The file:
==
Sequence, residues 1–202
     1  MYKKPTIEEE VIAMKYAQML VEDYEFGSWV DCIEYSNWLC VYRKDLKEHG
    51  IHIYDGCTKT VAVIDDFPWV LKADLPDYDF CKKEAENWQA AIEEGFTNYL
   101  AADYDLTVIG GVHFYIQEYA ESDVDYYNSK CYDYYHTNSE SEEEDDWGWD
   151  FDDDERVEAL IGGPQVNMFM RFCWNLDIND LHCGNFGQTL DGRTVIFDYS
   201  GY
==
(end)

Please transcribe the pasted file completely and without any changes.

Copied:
Sequence, residues 1–202
     1  MYKKPTIEEE VIAMKYAQML VEDYEFGSWV DCIEYSNWLC VYRKDLKEHG
    51  IHIYDGCTKT VAVIDDFPWV LKADLPDYDF CKKEAENWQA AIEEGFTNYL
   101  AADYDLTVIG GVHFYIQEYA ESDVDYYNSK CYDYYHTNSE SEEEDDWGWD
   151  FDDDERVEAL IGGPQVNMFM RFCWNLDIND LHCGNFGQTL DGRTVIFDYS
   201  GY